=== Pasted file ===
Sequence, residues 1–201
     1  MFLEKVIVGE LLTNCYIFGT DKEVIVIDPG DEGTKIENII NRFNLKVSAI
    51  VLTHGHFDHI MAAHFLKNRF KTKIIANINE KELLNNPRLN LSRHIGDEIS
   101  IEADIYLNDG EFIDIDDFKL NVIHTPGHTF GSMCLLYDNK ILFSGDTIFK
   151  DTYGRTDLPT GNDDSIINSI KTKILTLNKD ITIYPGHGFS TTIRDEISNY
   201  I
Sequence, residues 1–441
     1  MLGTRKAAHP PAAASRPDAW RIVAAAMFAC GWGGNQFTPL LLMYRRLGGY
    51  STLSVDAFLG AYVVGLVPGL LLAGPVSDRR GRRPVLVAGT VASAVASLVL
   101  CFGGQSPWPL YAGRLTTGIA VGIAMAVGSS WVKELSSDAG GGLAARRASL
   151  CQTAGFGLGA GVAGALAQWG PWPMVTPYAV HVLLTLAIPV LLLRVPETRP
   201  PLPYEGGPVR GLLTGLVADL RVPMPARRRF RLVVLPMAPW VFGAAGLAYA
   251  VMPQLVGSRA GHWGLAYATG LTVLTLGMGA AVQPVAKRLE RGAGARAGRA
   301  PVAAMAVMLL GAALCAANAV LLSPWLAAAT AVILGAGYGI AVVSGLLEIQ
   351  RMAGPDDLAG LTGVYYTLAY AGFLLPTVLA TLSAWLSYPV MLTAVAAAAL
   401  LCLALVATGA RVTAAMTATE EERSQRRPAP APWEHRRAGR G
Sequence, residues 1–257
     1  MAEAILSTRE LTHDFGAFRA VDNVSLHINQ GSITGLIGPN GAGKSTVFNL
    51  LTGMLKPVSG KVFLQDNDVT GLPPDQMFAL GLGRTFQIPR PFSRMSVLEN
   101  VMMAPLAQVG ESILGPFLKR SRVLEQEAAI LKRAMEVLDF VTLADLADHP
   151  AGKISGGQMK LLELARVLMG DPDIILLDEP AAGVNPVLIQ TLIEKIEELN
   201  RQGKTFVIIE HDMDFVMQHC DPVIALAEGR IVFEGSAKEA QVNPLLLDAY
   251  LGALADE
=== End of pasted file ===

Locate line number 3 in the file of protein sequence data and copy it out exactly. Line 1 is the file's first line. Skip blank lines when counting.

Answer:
    51  VLTHGHFDHI MAAHFLKNRF KTKIIANINE KELLNNPRLN LSRHIGDEIS